The Vatican has prevented the production company shooting Dan Brown's Angels & Demons from filming on its grounds or in any Catholic church in Rome, describing the work as “an offence against God”. (Some might argue an offense against literature, others an offense against film, or in its final chapters, an offense against the laws of physics, but let's not quibble). The film is the prequel to Brown's The Da Vinci Code, and stars Tom Hanks again as Robert Langdon, with Ron Howard directing.
The Times of London reports:
Angels and Demons, the latest Dan Brown thriller to be turned into a film, includes key episodes that take place in the Vatican and Rome’s churches. Archbishop Velasio De Paolis, the head of the Vatican’s Prefecture for Economic Affairs, said that Brown had “turned the gospels upside down to poison the faith”.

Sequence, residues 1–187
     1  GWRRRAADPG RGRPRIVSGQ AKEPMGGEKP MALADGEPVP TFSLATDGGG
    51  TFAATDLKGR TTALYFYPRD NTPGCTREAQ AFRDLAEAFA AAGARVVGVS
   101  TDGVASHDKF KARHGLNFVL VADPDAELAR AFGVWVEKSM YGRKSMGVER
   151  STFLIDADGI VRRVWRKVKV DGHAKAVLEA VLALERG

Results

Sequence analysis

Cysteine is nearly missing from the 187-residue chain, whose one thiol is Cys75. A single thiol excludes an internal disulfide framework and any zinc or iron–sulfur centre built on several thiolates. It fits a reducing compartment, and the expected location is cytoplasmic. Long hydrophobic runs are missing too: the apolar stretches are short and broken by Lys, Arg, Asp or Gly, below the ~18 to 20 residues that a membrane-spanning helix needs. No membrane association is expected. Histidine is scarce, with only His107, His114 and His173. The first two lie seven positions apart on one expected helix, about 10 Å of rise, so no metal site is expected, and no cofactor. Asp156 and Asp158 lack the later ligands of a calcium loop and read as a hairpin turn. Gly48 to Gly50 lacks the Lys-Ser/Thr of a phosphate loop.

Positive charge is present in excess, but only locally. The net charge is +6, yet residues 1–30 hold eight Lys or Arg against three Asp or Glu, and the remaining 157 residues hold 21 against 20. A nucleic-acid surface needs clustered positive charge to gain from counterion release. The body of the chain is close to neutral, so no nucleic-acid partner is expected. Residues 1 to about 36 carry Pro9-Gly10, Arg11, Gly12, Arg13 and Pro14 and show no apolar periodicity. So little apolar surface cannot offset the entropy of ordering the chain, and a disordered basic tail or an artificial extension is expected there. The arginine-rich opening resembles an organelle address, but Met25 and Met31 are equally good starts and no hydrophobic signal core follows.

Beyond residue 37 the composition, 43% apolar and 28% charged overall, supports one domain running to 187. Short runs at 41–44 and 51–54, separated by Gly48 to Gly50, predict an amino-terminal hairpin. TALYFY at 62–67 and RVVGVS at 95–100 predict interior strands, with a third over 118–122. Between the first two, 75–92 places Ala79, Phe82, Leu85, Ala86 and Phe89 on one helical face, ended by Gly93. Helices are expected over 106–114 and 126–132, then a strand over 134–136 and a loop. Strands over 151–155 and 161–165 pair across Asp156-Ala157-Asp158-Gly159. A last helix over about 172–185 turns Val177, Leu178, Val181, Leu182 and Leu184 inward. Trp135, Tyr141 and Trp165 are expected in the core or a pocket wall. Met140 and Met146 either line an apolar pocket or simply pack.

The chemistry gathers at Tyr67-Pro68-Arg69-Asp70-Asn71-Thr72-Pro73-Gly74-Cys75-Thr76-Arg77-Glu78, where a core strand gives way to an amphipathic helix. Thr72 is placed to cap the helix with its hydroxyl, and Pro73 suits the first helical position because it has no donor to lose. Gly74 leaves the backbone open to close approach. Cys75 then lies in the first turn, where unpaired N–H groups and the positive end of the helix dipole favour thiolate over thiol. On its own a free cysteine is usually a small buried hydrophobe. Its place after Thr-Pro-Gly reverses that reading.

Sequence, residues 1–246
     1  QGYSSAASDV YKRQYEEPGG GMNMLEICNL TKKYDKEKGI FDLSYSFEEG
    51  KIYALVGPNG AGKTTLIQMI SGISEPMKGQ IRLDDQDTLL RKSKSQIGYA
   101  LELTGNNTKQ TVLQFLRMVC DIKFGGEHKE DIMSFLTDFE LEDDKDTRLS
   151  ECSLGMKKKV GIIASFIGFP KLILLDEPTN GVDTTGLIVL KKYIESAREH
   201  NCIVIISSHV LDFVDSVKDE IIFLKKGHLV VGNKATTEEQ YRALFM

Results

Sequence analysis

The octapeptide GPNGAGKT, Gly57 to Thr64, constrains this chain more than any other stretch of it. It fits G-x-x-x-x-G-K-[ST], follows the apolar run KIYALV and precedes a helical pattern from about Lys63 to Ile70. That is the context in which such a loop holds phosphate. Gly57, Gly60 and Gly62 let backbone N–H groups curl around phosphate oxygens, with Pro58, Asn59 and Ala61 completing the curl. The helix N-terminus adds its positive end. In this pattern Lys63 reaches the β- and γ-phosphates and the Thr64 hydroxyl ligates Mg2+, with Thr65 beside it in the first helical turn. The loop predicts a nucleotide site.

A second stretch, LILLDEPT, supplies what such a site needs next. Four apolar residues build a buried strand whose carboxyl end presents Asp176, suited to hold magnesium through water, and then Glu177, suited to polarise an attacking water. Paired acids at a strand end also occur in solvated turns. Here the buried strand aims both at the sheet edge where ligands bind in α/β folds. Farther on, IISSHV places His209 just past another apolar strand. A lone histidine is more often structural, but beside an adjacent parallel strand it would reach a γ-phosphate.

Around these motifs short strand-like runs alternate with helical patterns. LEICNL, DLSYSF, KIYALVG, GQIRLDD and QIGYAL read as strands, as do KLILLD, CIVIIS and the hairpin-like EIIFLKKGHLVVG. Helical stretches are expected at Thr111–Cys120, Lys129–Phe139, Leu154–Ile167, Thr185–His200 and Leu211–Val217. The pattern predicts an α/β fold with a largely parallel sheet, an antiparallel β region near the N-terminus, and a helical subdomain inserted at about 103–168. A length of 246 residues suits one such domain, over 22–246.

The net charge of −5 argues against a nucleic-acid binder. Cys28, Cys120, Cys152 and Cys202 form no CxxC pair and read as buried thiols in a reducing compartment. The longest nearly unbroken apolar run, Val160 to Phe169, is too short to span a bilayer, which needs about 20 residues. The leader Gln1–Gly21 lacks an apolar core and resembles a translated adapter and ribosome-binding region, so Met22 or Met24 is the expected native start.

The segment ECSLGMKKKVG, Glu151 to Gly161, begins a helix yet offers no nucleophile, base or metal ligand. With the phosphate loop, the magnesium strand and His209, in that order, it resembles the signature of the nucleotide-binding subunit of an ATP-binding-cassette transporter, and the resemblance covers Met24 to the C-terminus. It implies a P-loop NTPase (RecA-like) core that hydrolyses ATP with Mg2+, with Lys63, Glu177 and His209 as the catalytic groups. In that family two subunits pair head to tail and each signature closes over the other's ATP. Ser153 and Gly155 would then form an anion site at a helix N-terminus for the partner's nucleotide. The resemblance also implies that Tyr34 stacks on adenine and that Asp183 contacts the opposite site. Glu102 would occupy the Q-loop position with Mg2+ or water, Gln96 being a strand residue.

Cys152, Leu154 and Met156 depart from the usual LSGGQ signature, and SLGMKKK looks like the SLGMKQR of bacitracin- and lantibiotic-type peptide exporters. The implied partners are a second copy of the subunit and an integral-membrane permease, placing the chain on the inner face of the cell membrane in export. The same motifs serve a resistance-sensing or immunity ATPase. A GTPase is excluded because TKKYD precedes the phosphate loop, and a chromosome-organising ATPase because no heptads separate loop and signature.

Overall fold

“It would be unacceptable to transform churches into film sets so that his blasphemous novels can be made into films in the name of business,” he said, adding that Brown’s work “wounds common religious feelings”.
Father Marco Fibbi, a spokesman for the Diocese of Rome, said: “Normally we read the script but this time it was not necessary. The name Dan Brown was enough.”
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Angels and Demons revolves around a plot by a sinister elite known as the Illuminati to install their candidate as Pope and blow up the Vatican. Crucial scenes are set in the Vatican and two Rome churches — Santa Maria del Popolo and Santa Maria della Vittoria. In both churches, cardinals are murdered and mutilated with mysterious marks and symbols. Father Antonio Truda, parish priest at Santa Maria del Popolo, said that there was no question of allowing scenes to be shot there. “It’s bad enough having to put up with tour guides explaining the scene to tourists,” he said.